Senator Hawley to Zoom: “Pick A Side: American Principles and Free-Speech, or Short-Term Global Profits and Censorship”

Senator Josh Hawley
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Thursday, June 11, 2020

Today U.S. Senator Josh Hawley (R-Mo.) sent a letter to Zoom calling for the company to choose a side: American principles and free-speech, or short-term global profits and censorship. His letter comes after Zoom chose to close the accounts of prominent U.S.-based critics of the Chinese Communist Party (CCP) for discussing the Tiananmen Square massacre, claiming the closures were necessary to “comply with local law.”

“These oppressive ‘local laws’ are what Party officials use to oppress more than a billion people, including more than one million Uighurs who have been forced into slavery. These ‘local laws’ are what China is using to crack down on protesters in Hong Kong who just want the basic liberties they were promised by international treaty.”
~ Senator Josh Hawley

To Zoom CEO Eric Yuan, Senator Hawley continued, “Trading American values for Beijing profits never ends well. The Chinese Communist Party has a long history of inviting American companies into its borders, only to steal proprietary information and technology and then repurpose that data for its own use. When you censor for the Communist Chinese Party, you may think it benefits you, but the only one who will benefit in the long run is the Chinese Communist Party.”

Full letter is available here and below.


June 11, 2020

Eric Yuan
CEO
Zoom
55 Almaden Boulevard, 6th Floor
San Jose, CA 95113

Dear Mr. Yuan:

One would have thought that a supposedly American company whose claim to fame is serving a fast, virtually seamless video chat would value free speech. But your company appears to have chosen censorship instead. Are you trying to curry favor with the Chinese Communist Party? Reports are trickling in that, in the last few weeks, you have censored many different accounts for discussing the Tiananmen Square protests and the subsequent massacre.

Just as disturbing is your defense that you censored these conversations and suspended accounts to “comply with local law.” As I am sure you know, “local law” in China is extraordinarily oppressive. China’s so-called “Cyber Security Law” requires companies that do business in China to hand over information to Party officials immediately on demand. In the past few months, additional, even more intrusive, provisions have taken effect. They require companies doing business in China to use network equipment approved by the Chinese Communist Party–equipment that allows Party officials to decrypt and access all data. These oppressive “local laws” are what Party officials use to oppress more than a billion people, including more than one million Uighurs who have been forced into slavery. These “local laws” are what China is using to crack down on protesters in Hong Kong who just want the basic liberties they were promised by international treaty.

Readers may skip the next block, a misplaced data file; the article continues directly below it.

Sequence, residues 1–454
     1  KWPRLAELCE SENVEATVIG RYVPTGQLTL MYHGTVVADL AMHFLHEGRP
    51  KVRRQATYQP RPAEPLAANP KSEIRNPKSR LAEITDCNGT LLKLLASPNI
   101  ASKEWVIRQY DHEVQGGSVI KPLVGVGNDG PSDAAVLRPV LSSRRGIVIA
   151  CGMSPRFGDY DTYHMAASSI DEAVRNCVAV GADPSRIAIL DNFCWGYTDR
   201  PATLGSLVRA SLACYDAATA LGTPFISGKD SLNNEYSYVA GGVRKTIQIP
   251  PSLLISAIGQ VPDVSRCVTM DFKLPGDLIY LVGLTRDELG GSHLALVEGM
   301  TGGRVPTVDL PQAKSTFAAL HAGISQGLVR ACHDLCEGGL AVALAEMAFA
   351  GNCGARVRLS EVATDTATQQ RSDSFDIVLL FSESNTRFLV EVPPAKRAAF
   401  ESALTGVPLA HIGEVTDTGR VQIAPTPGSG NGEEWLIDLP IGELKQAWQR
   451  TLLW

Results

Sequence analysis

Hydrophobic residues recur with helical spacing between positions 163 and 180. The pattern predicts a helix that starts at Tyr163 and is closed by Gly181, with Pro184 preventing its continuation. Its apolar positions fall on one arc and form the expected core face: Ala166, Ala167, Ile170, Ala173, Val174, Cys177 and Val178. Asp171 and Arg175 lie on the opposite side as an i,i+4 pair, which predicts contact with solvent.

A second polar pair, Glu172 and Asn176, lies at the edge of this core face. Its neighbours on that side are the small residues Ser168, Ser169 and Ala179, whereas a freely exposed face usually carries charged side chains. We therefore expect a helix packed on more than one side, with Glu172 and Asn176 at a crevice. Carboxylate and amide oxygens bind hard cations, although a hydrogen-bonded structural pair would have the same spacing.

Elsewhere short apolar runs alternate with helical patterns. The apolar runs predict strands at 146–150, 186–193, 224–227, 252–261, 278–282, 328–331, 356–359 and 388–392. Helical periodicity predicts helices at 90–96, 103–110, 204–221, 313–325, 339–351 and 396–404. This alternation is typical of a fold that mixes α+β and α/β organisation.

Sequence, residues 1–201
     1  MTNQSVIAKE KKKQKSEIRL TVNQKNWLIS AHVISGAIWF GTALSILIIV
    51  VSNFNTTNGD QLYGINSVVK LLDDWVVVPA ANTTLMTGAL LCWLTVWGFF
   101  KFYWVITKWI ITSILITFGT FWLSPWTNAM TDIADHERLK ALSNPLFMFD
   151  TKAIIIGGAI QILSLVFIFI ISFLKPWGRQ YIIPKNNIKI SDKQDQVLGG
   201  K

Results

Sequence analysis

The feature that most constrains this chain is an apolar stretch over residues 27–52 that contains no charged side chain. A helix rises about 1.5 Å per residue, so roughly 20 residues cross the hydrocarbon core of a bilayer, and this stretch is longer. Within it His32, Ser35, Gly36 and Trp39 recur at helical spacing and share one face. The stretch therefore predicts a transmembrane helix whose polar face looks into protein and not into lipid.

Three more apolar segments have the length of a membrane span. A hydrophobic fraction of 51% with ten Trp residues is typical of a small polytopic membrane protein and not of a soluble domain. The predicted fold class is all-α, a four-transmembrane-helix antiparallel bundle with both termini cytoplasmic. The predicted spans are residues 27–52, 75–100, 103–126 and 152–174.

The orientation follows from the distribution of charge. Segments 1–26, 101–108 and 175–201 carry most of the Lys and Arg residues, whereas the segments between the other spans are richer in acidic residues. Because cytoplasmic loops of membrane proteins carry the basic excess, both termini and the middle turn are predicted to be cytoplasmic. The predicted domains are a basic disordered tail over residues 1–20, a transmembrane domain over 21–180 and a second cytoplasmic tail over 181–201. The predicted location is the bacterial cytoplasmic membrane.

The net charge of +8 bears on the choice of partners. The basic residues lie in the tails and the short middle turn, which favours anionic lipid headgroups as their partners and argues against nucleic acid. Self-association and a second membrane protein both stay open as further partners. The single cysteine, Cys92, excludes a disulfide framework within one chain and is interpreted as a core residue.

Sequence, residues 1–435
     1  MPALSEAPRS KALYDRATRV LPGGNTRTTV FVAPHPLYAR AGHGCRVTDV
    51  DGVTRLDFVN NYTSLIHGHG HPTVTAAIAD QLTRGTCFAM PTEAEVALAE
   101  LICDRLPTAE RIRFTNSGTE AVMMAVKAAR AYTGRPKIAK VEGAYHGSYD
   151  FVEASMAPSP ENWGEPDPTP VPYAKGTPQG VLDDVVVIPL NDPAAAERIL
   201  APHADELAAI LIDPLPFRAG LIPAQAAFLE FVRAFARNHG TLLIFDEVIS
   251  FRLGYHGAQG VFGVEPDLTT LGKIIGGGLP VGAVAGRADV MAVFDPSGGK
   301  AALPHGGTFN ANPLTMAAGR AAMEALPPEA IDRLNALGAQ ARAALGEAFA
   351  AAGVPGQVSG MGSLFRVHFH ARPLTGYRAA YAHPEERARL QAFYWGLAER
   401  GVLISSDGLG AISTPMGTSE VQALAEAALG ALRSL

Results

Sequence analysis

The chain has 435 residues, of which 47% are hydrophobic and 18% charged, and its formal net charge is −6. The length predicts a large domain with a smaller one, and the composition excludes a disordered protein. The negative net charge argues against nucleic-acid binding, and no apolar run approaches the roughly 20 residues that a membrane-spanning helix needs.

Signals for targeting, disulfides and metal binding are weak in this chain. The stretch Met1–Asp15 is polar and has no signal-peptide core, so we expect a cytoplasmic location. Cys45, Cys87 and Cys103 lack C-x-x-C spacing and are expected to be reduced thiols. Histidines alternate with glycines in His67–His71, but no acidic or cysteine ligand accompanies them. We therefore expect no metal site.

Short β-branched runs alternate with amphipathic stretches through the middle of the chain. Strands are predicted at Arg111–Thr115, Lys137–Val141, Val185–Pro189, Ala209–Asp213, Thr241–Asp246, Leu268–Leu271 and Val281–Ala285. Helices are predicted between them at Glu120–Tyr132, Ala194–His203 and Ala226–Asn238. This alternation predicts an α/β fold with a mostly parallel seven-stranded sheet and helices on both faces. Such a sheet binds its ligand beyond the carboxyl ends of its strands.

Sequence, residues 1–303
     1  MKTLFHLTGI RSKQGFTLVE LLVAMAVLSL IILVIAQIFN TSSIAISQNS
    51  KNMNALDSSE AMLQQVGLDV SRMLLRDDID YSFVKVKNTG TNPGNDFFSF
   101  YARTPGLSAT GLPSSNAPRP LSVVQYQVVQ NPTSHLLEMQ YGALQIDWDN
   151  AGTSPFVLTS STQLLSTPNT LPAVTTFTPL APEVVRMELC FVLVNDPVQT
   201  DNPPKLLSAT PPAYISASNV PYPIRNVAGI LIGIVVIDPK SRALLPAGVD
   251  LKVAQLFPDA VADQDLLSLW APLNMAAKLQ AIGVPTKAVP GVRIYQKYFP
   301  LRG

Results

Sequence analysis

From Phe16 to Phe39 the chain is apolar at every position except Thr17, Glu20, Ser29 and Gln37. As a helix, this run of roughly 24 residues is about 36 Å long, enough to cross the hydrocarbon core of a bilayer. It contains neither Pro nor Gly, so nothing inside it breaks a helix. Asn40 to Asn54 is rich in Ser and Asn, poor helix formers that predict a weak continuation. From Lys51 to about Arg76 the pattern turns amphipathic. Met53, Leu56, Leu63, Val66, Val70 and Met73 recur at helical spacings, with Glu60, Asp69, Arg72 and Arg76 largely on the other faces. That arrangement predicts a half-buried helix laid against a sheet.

Your defense also rings hollow because you have been caught subjecting Zoom calls to those laws unnecessarily. In April, users and watchdog groups discovered that your company was routing communications through servers in China. That routing was entirely unnecessary because none of the participants on those calls were based in China. Yet you still routed calls through China, knowing that, under “local law,” Party officials could access every bit of those calls. Your actions so far suggest not an innocent desire to comply with “local law,” but a desire to curry favor with the Chinese Communist Party so you can better access that market.

Yours is not the first company to trade American values for potential profits in China. Google, in particular, has become infamous for its censorship—from designing two different censorship search engines and blocking terms critical of the Chinese Communist Party to its “errors” mistranslating terms to reframe criticisms of Beijing into praise for Beijing.

But trading American values for Beijing profits never ends well. The Chinese Communist Party has a long history of inviting American companies into its borders, only to steal proprietary information and technology and then repurpose that data for its own use. When you censor for the Communist Chinese Party, you may think it benefits you, but the only one who will benefit in the long run is the Chinese Communist Party.

One week ago today, I sent a letter to American companies like yours, asking them to put American principles and free nations around the world first. Apparently, you did notread that letter because you censored discussions about Tiananmen Square on the very same day. I reiterate today that it is time for you to pick a side: American principles and free-speech, or short-term global profits and censorship.

Sincerely,

Josh Hawley
United States Senator

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